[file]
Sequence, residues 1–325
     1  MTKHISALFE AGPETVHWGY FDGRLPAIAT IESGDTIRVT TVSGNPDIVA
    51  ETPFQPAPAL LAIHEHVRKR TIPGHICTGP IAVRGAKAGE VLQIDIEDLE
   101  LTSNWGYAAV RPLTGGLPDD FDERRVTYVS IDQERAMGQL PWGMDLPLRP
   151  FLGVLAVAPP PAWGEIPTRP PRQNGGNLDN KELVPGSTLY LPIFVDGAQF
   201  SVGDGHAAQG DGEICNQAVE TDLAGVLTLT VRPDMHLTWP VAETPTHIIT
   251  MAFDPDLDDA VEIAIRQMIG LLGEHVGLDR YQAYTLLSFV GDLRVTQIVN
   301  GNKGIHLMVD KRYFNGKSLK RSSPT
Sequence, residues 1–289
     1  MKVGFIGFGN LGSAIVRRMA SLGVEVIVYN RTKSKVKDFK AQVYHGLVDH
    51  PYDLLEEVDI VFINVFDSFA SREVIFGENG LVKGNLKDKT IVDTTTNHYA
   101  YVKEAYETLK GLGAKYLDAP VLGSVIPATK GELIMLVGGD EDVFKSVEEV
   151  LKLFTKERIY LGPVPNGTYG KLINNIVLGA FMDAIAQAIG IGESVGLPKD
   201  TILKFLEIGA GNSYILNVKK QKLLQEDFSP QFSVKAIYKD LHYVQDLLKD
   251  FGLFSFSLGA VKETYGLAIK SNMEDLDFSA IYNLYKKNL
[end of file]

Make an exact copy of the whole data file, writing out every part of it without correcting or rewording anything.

Sequence, residues 1–325
     1  MTKHISALFE AGPETVHWGY FDGRLPAIAT IESGDTIRVT TVSGNPDIVA
    51  ETPFQPAPAL LAIHEHVRKR TIPGHICTGP IAVRGAKAGE VLQIDIEDLE
   101  LTSNWGYAAV RPLTGGLPDD FDERRVTYVS IDQERAMGQL PWGMDLPLRP
   151  FLGVLAVAPP PAWGEIPTRP PRQNGGNLDN KELVPGSTLY LPIFVDGAQF
   201  SVGDGHAAQG DGEICNQAVE TDLAGVLTLT VRPDMHLTWP VAETPTHIIT
   251  MAFDPDLDDA VEIAIRQMIG LLGEHVGLDR YQAYTLLSFV GDLRVTQIVN
   301  GNKGIHLMVD KRYFNGKSLK RSSPT
Sequence, residues 1–289
     1  MKVGFIGFGN LGSAIVRRMA SLGVEVIVYN RTKSKVKDFK AQVYHGLVDH
    51  PYDLLEEVDI VFINVFDSFA SREVIFGENG LVKGNLKDKT IVDTTTNHYA
   101  YVKEAYETLK GLGAKYLDAP VLGSVIPATK GELIMLVGGD EDVFKSVEEV
   151  LKLFTKERIY LGPVPNGTYG KLINNIVLGA FMDAIAQAIG IGESVGLPKD
   201  TILKFLEIGA GNSYILNVKK QKLLQEDFSP QFSVKAIYKD LHYVQDLLKD
   251  FGLFSFSLGA VKETYGLAIK SNMEDLDFSA IYNLYKKNL